Previous Section Back to Table of Contents Lords Hansard Home Page

Overstayers: Suspensive Right of Appeal

Baroness Howells of St Davids asked Her Majesty's Government:

The Parliamentary Under-Secretary of State, Home Office (Lord Bassam of Brighton): Section 9 of the Immigration and Asylum Act 1999 provides for a minimum three-month period during which overstayers can apply to regularise their immigration status. If they do so, and the application is refused after the new removal procedures are implemented, then the old procedures will apply to their case after 1 October and a suspensive right of appeal will be retained.

The Immigration (Regularisation Period for Overstayers) Regulations 2000 came into force today. The period runs from now until the 1 October 2000, which is the day before the Human Rights Act 1998 is expected to come into force, and thus lasts for a minimum of almost eight months.

My honourable Friend the Minister of State at the Home Office (Mrs Roche) will shortly write to all members in another place giving details of the scheme and how an application should be made under it. Copies of the information leaflet we have produced will be placed in the Library. My honourable Friend the Minister of State at the Home Office (Mrs Roche) will be discussing further publicity with relevant interest groups, but as a first step the leaflets are being distributed to local community groups through Citizens Advice Bureaux and the Joint Council for the Welfare of Immigrants.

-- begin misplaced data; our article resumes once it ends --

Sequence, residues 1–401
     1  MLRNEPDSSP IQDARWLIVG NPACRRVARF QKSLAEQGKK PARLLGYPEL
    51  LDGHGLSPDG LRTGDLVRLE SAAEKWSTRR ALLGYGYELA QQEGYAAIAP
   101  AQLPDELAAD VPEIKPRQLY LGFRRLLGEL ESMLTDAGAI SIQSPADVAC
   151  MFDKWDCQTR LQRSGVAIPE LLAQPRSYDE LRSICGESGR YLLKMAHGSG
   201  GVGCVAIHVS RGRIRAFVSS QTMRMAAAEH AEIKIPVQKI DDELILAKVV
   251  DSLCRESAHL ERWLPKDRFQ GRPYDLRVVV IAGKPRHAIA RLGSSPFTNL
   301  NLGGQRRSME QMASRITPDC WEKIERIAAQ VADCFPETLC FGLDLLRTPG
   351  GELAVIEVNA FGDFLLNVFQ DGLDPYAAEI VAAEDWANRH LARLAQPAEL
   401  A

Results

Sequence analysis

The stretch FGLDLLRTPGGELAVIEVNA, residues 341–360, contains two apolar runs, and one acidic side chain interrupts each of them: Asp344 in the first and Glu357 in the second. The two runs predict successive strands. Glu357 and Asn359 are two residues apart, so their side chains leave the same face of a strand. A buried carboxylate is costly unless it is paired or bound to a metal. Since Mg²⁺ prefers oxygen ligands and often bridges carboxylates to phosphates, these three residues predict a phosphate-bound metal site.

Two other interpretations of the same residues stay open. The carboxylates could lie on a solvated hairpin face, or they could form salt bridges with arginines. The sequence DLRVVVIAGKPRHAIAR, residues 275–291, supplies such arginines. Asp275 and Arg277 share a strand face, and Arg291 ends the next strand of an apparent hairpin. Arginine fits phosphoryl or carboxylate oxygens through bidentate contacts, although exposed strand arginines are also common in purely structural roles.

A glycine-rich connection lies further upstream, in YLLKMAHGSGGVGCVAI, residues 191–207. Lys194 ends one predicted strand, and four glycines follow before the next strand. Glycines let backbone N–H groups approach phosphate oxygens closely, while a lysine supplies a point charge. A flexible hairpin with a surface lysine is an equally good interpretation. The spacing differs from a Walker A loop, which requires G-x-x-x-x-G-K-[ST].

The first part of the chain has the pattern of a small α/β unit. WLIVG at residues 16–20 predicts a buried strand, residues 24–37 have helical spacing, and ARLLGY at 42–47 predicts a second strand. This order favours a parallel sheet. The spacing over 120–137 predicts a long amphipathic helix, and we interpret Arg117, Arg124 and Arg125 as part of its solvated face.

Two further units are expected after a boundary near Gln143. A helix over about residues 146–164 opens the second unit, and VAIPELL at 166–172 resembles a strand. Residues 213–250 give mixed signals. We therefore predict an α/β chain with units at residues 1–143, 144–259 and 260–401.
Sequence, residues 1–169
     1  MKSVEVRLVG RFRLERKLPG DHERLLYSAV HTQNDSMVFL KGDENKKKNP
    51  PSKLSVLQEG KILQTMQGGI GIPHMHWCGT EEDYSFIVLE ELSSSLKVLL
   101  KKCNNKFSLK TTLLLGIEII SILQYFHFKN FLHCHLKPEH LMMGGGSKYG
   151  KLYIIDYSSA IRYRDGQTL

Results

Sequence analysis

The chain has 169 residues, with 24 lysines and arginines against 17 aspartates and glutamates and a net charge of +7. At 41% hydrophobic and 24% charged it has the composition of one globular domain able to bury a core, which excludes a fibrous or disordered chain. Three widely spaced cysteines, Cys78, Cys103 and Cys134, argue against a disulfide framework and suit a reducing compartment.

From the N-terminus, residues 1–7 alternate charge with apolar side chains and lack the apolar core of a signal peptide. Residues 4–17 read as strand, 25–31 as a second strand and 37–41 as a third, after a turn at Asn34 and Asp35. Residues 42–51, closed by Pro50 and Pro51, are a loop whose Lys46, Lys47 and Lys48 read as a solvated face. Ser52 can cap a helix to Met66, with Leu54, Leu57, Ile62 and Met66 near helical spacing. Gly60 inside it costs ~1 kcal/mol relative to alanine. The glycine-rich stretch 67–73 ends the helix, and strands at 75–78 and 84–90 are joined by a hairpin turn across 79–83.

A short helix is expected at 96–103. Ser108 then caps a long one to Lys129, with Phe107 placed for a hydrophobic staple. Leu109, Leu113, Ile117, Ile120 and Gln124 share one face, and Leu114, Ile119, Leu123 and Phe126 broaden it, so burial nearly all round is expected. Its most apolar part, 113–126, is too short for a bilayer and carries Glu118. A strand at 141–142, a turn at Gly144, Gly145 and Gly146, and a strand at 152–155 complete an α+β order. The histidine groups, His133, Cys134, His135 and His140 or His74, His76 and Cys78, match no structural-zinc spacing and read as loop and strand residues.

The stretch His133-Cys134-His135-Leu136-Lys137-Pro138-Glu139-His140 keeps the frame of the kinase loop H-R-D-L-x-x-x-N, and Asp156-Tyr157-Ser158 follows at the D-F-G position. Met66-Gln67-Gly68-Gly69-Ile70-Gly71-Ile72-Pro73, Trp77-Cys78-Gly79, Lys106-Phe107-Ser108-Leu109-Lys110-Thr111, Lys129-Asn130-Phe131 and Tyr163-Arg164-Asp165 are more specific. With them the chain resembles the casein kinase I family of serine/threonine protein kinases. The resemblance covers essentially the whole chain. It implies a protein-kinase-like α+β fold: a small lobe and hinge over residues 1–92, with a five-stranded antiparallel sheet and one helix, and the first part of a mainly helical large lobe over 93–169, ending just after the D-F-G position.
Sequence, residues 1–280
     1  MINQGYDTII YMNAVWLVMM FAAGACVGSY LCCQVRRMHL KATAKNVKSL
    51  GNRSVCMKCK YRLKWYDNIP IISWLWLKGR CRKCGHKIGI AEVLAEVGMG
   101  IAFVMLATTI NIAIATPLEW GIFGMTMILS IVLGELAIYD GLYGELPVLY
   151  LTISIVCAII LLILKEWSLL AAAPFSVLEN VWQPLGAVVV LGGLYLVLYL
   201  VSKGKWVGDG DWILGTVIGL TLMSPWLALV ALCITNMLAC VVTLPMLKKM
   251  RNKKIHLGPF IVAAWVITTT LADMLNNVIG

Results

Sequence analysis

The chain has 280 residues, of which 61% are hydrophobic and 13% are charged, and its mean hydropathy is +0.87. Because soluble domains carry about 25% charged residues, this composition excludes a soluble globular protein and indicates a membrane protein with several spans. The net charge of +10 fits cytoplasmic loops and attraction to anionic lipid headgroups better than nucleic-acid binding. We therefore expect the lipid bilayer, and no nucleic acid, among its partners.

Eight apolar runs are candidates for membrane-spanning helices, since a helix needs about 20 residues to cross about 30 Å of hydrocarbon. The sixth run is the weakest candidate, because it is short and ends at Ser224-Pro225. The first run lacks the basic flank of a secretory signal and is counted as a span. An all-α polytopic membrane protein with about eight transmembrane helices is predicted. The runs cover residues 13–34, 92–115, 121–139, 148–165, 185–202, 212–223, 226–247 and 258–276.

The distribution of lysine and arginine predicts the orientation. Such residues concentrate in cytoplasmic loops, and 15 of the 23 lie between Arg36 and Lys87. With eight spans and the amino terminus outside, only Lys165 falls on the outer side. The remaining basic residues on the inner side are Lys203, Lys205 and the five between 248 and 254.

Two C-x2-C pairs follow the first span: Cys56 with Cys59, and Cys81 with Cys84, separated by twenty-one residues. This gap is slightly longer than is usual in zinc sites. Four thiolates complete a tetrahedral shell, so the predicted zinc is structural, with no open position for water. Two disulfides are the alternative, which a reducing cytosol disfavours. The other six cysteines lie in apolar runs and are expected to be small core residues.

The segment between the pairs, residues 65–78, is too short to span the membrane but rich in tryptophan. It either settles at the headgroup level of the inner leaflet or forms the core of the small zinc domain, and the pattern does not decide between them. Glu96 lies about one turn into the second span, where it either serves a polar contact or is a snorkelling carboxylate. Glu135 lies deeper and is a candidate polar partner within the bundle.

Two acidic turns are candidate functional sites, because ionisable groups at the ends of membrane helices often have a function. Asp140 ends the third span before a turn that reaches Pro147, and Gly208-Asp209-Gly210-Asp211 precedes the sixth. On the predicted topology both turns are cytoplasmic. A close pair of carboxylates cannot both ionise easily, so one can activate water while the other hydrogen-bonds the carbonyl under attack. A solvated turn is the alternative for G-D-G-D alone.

The scheme is solely intended to retain a suspensive right of appeal to the Immigration Appellate Authority for those overstayers who make a specific application to us during the period. It is by no means an amnesty: the same considerations apply whether an application under the scheme is made or not. All overstayers should be aware that a decision to remove them from the United Kingdom is, and will remain, the normal response to their unlawful behaviour. Only when the compassionate circumstances outweigh the public interest in maintaining an effective immigration control will we allow them to remain.

Human Rights: Outstanding Obligations and Commitments

Lord Alton of Liverpool asked Her Majesty's Government: